The emerging global economy and spread in information and communications technology have raised production, trade, capital flows and e-commerce to hitherto unknown levels. As of 2021, global trade grossed over US$25 trillion, a 38% increase when compared to the previous year. With all the positives, however, the global economy, still experiencing the aftermath of the Coronavirus pandemic and currently, Russia’s invasion of Ukraine, is facing an increasingly gloomy and uncertain outlook.
With a widened economic and social inequalities within countries,there is worsened human vulnerability and insecurities which has changed the nature of jobs and work- the outcome, millions of people thrust into the ranks of the unemployed and the poor. A disproportionate number of these are women.
Globally, about 2.4 billion women of working age are not afforded equal economic opportunity and 178 countries maintain legal barriers that prevent their full economic participation. To put in a clearer perspective, the gap between men’s and women’s expected lifetime earnings globally is US$172 trillion – nearly two times the world’s annual GDP.
One billion women –more than 40% of the women around the world – still don’t have access to financial services, despite women’s growing share of global consumer spending. Having a safe place to keep and save money, obtain credit, insurance, pension or other financial services can enable financially excluded one billion women from around the world to gain better control over their lives and improve the lives of those around them.
In Africa, the gender gap in access to financial services is driven by women entrepreneurs’ own self-perception. In sub-Saharan Africa, only 37 percent of women have a bank account, compared with 48 percent of men, a gap that has only widened over the past several years. The figures are even worse in North Africa, where about two-thirds of the adult population remains unbanked and the gender gap for access to finance is 18 percent.
These gaps therefore raise urgent questions for decision makers in Africa. What continues to fuel gender disparity in access to finance across the continent and most especially, Africa?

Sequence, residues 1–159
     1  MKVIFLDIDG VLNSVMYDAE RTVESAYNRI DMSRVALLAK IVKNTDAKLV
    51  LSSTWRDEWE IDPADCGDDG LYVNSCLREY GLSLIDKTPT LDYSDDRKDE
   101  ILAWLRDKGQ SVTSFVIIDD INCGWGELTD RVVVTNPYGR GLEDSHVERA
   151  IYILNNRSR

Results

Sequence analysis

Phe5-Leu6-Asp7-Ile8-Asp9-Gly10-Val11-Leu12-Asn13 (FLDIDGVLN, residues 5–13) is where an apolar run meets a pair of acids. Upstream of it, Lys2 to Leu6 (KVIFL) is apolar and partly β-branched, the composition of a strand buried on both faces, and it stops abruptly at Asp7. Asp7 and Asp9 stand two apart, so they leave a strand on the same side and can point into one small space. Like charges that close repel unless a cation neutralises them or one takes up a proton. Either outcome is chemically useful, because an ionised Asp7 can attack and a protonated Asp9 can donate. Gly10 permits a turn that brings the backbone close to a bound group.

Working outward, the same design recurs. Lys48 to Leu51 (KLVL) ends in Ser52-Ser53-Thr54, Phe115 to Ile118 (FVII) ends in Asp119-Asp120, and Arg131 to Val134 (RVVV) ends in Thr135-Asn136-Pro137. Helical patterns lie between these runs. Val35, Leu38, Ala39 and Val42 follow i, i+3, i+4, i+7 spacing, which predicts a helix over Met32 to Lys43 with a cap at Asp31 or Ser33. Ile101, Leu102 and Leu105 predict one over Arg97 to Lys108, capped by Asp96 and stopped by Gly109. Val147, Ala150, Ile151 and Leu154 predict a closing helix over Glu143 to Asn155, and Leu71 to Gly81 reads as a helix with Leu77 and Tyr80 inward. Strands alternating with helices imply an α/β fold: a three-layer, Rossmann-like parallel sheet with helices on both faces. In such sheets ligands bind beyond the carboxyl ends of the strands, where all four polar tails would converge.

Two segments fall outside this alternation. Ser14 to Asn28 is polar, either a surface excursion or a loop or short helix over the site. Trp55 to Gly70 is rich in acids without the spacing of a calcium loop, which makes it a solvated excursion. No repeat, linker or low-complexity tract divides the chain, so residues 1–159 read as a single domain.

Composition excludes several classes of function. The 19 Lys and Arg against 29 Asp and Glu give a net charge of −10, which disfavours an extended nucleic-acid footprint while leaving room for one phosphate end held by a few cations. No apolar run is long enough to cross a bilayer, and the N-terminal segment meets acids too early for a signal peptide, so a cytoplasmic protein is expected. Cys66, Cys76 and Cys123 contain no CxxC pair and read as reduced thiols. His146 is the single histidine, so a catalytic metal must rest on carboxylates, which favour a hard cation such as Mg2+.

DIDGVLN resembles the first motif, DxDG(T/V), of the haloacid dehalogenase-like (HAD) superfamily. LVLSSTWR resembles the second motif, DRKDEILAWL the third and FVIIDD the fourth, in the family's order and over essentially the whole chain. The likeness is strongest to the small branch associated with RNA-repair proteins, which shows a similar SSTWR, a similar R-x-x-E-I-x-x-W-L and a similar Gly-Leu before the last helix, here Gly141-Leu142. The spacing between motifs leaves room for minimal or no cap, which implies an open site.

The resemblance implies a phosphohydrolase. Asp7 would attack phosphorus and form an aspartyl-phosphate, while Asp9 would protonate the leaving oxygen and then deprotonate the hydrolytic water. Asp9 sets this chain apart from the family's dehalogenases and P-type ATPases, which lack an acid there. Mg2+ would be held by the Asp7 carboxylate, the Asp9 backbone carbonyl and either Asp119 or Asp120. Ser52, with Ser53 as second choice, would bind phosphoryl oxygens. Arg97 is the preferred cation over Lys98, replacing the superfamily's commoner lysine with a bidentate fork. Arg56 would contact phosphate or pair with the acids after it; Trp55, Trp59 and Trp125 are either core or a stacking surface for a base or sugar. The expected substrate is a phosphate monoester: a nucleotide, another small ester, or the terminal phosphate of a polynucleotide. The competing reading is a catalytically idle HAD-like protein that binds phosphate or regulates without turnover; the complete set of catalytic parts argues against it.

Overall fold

Way Forward: A Case Study of Women Empowerment by Grooming Centre
Over the years, accessing credit facilities by MSMEs in Nigeria has proven to be a difficult task due to the high interest rates and lack of collaterals which discouraged businesses mostespecially women entrepreneurs from applying for loans.
Considering the potential multiplier effect of an empowered woman, Grooming Centre has in the last 16 years been championing the improvement in the lives of grass-root but economically active women nationwide.
As the first Microfinance Institution in Africa, the organization has provided credit facilities to over 600,000 women entrepreneurs nationwide.According to a “2017 Social and Economic Impact Assessment” of Grooming Centre’s credit scheme, findings revealed that 93% of the women experienced 93% of net profits in their businesses.
It is however important to state that women contribute a large amount to a country’s GDP. As stated by IMF, full engagement of women in Nigeria could add as much as 23% to her GDP.
Hence, there is every need to empower Nigerian women particularly in the present global economy which recognizes the need for individuals to develop their potentials and contribute to the overall development of the nation.
Giving women greater economic empowerment means enabling women to increase their right to economic resources and their control over meaningful decisions that benefit themselves, their households and their communities.
It is therefore expedient that Government at all levels; private organizations and private individuals participate actively in empowering women at all levels of the society.
You can reach out to the Center for Research in Enterprise and Action in Management – CREM to measure the impact of your organization’s programmes.